Lincolnshire Pride

Then & Now: Lincoln’s Guildhall…

Lincoln in 2019.

Lincoln’s High Street is dramatically different to this scene, 100 years ago. From 1920 to 2020, see how the centre of historic Lincoln has evolved!

100 years of history. Welcome to Lincoln’s High Street in 1923. Note the neater stucco frontage of the row of buildings currently occupied by Hotel Chocolat and Samuels the Jewellers. Less recognisable is number 300 High Street.

That glazed and iron portico is long gone, as is The Saracen’s which dated back to the middle ages but was given the frontage pictured here at the start of the 19th century. Shortly after this picture was taken, the Spread Eagle in 1924 became the Hotel de Luxe, named by flush entrepreneur H H Leven who spent £20,000 doing the place up.

Doubtless the economic depression of the 1930s took its toll and the hotel passed into the ownership of Lincoln Hotels Ltd, the latter finally closing in 1959… our sincere thank to Steve Richardson of Lincoln Camra who provided this insight.

You’ll also notice Home & Colonial Tea Stores. The grocer was founded in 1883 on London’s Edgware Road and by 1900 it had 100 stores. By 1903 it had five times that many, making it and the CoOp perhaps the first supermarket chains. By 1960 Home & Colonial still had a presence on the UK’s High Streets and was making profits of £4m, but through the latter half of the 20th century, it was amalgamated into companies we now know as Debenhams and Safeway.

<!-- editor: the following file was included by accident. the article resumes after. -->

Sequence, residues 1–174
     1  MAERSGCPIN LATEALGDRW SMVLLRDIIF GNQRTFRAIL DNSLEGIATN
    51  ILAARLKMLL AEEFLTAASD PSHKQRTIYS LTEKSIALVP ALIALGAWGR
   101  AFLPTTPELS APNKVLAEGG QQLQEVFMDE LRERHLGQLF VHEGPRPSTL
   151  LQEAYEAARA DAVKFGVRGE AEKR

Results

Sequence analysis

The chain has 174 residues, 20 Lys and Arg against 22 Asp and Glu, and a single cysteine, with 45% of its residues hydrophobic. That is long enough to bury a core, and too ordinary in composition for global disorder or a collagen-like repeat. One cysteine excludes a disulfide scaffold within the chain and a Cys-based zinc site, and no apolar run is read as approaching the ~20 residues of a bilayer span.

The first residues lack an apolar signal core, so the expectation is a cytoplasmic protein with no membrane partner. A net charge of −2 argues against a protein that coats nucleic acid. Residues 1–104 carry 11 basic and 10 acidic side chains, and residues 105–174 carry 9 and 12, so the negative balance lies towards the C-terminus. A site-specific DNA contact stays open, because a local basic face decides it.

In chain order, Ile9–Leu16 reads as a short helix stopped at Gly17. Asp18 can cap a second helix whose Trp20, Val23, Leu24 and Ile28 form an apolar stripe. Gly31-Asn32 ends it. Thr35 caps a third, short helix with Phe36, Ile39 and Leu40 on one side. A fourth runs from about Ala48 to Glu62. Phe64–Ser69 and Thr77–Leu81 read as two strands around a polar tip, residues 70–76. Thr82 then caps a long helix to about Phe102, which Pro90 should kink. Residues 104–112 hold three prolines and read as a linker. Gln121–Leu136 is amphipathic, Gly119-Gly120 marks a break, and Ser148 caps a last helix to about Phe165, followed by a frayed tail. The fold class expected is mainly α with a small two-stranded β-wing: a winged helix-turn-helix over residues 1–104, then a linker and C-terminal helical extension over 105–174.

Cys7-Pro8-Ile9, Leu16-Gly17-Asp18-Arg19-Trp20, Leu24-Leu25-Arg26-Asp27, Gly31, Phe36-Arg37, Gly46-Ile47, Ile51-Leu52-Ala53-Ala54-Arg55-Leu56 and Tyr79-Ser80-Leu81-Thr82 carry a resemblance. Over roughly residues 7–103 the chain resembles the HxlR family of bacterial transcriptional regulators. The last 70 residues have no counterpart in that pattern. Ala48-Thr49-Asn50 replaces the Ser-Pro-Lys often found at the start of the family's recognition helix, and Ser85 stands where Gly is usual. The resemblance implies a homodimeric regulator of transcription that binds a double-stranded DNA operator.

Lincoln’s Waterside Shopping Centre opened in 1991, but here, you’ll see footwear retailer Manfield. A renowned cobbler from Northampton, Moses Manfield and his sons Harry & James were one of the first companies to ‘cut out the middleman’ and sell their footwear directly to the public.

They soon had shops in London, Liverpool, Manchester, Birmingham, Sheffield and London as well as Lincoln… in fact, 70 shops by the time this photograph was taken.

By the time the company was converted into a Plc in 1950, there were 93 branches and the company’s overdraft was a worrying £760,000. There were record profits and eventually a takeover by US firm Sears in 1956. The name endured on the High Street until a management takeover which created the firm we now know as Dolcis.

Speaking of worrying overdrafts, HSBC bank can be seen just across the road from the Guildhall. The area was formerly known as Baxtergate, and was situated just outside the city walls. The bank used to be an inn called The Falcon prior to the mid-15th century – and once hosted King James I who attended a cockfight at the premises in 1617.

Its name was changed to The Reindeer in 1716, before it was remodelled in 1848 and became The Lincoln & Lindsey Banking Company in 1893, then the London City & Midland Bank in 1913. It was extended a year after this photo was taken by W G Watkins architects and became Midland Bank in 1923, then HSBC in 1998.